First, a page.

True to its name, Network Associates McAfee SpamKiller 4.0 does a professional job whacking spam. The standalone program now works with nearly any POP mail client, including Outlook, Outlook Express, MSN, and Hotmail. But it's not a perfect solution. Unlike iHateSpam, for example, it doesn't integrate within your e-mail software, so you must download your mail twice (once in SpamKiller, then in your mail client). Also, we had some problems getting it to work correctly with MSN mail. And SpamKiller is expensive: the former $30 shareware package was purchased last spring by McAfee and now costs $40 for the downloadable version and $50 for the CD, making it the priciest antispam software around. Still, if you hate spam (and who doesn't?), SpamKiller is our choice.
Downloading SpamKiller's 4MB setup file took less than a minute using a DSL connection. The program's setup is a matter of following a simple installation wizard then rebooting, at which point the software automatically searches your hard drive, identifying your e-mail client, and importing your address book and server settings. Unfortunately, the program also installs the McAfee Security Center, a screen that shows the status of all McAfee Security apps (even if you have only one), which then routinely pops up requests for updates. With no way to turn this off, McAfee Security Center can quickly grow tiresome.
Installation is a breeze. Simply follow the installation wizard by clicking Next, and you're done.
SpamKiller's interface is straightforward. Click the Check All button, and SpamKiller reviews all of your accounts, putting suspected spam in its Killed Mail folder and the rest into Live Mail. You then scan the folders to make sure the program didn't miss any spam or flag legitimate messages, then launch your normal e-mail client. SpamKiller prevents the spam in the Killed folder from downloading to your in-box. In our tests, the program stopped 100 percent of the spam coming into our EarthLink account, but it inexplicably missed other spam that landed in our MSN Inbox.
SpamKiller comes chock-full of features, the best of which is its huge list of more than 5,000 spam filters. SpamKiller scans the sender line, then the subject line, body text, header, and country of origin on each message, looking for telltale signs of spam, such as XXX or 100% guarantee. McAfee updates these filters nearly every day via the software's automatic update feature, or you can create your own filters. If you prefer, SpamKiller will check your mail at regular intervals and flag suspected spam without sending it to the Killed folder.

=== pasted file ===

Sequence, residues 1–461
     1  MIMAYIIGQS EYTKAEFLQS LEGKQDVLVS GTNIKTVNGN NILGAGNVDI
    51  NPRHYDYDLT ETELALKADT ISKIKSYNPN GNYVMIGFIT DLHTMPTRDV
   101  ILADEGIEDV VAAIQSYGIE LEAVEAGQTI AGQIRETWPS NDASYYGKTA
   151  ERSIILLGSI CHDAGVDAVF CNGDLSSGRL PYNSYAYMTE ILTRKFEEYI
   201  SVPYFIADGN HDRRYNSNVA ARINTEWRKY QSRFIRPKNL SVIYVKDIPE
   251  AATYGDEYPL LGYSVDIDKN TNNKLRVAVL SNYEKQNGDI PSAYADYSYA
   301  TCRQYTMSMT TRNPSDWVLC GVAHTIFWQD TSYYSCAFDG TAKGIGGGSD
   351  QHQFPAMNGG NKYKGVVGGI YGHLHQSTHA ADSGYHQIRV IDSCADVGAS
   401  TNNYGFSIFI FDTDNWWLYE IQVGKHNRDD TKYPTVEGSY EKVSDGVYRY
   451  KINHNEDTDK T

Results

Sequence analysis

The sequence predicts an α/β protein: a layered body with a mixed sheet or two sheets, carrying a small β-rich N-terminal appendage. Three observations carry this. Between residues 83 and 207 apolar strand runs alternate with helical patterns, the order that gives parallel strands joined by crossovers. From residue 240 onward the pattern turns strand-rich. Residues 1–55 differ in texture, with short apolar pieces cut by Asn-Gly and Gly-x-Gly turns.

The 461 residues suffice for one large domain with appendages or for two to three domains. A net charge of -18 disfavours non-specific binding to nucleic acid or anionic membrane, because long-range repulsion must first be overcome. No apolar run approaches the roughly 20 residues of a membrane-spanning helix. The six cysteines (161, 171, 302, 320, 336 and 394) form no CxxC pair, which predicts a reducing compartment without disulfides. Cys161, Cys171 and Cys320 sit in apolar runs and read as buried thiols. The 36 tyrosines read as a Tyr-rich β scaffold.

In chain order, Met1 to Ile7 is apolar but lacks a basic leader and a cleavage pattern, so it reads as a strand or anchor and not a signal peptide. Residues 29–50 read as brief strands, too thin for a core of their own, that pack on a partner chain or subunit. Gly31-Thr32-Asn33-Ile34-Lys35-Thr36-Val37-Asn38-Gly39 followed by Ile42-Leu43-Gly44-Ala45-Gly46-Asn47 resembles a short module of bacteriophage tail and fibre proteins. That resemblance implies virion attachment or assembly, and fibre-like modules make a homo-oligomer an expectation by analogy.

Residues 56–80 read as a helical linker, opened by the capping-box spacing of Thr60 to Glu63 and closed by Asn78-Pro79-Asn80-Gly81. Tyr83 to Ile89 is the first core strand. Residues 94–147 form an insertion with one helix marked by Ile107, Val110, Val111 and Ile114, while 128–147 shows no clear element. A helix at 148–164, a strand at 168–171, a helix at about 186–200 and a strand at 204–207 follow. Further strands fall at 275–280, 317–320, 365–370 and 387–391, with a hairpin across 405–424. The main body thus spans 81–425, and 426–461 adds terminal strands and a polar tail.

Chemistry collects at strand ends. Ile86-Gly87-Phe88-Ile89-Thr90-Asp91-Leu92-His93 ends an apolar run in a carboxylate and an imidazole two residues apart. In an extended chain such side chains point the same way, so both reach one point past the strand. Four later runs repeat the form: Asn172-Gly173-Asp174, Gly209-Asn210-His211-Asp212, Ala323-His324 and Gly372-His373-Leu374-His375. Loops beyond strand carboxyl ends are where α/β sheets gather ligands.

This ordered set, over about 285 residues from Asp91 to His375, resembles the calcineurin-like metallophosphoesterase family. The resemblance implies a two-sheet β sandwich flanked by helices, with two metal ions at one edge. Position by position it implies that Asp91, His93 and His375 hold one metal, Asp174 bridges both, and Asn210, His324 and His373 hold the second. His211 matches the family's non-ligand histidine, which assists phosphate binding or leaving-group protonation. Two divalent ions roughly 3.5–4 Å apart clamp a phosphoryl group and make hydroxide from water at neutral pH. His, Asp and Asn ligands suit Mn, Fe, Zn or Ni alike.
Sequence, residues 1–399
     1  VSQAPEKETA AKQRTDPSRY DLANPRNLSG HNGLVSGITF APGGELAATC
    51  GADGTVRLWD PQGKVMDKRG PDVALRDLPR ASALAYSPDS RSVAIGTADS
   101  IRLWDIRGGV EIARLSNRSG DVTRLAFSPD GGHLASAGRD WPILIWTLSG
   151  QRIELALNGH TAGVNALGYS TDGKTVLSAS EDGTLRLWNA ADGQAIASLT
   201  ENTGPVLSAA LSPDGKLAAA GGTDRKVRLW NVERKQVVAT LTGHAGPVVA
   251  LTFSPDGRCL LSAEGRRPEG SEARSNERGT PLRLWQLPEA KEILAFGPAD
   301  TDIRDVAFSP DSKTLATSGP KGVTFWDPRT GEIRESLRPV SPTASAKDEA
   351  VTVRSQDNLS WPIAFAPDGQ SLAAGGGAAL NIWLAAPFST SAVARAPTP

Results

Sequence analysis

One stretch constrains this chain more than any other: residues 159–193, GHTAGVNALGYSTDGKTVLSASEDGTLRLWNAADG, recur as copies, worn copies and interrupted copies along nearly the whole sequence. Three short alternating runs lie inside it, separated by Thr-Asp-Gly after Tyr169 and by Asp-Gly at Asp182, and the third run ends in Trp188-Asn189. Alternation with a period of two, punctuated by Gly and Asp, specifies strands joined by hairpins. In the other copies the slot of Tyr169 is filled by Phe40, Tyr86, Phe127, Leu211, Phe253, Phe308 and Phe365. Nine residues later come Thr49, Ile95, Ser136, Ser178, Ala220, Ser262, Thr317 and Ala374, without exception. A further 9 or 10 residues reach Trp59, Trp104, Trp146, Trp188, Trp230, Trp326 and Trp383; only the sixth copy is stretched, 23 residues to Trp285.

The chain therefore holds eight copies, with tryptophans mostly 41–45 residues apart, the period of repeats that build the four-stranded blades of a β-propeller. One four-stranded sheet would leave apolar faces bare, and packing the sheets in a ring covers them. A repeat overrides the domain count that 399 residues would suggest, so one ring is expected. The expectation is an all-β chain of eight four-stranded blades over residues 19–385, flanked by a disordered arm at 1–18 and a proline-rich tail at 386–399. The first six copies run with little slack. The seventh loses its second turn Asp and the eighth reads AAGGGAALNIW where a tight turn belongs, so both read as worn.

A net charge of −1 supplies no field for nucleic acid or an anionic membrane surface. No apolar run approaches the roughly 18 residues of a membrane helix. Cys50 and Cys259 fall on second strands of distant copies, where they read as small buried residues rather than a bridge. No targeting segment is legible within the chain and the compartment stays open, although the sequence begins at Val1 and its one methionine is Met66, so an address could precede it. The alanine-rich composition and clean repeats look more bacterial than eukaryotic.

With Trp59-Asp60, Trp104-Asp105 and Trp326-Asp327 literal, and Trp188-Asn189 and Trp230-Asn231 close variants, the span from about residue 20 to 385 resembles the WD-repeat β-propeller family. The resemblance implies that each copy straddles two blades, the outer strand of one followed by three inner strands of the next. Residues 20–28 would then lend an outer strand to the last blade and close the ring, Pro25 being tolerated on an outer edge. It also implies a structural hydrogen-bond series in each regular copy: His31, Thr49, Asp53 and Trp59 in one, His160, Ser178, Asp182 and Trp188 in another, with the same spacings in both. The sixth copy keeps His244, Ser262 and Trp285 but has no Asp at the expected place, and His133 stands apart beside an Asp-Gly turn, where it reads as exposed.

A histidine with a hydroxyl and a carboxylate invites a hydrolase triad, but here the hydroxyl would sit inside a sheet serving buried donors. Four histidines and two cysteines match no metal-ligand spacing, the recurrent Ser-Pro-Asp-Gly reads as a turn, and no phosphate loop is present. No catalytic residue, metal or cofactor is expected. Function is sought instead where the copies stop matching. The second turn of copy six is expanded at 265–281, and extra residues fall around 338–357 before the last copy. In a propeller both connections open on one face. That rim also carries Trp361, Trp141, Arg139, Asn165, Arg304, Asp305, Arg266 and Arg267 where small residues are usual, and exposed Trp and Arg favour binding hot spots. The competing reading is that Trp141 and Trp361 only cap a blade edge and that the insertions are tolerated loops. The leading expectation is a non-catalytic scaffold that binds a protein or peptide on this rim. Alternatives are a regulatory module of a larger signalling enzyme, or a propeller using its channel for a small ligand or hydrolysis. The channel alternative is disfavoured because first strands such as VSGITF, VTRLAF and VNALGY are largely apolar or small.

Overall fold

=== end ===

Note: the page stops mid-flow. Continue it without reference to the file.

SpamKiller comes with thousands of built-in, spam-identifying filters, which you can search for and modify as you wish.
As in previous versions, SpamKiller makes it easy to forward complaints to the abuse department of the spammer's ISP or send phony error messages back to spammers so that they'll remove you from their lists--a satisfying way to exact a little revenge.
Free, live technical support for SpamKiller is available 24/7 via online chat; however, we were less than impressed with the response we got in our tests. We had to wait more than 20 minutes to hook up with a technical-support representative, who could neither fix our problem nor provide us with a transcript of the session. You also have the option of e-mailing McAfee (although you'll find the e-mail address under Customer Service on the McAfee site rather than in Technical Support). We sent e-mail and received a response in four hours. Want phone support? You'll have to pay--either $3 per minute or $39 per incident. For a product that's relatively pricey, we expect more and better service and support.
If you want free live support for SpamKiller, you'll need to chat. It took us more than 20 minutes to reach a techie, and we were less than impressed with her answers.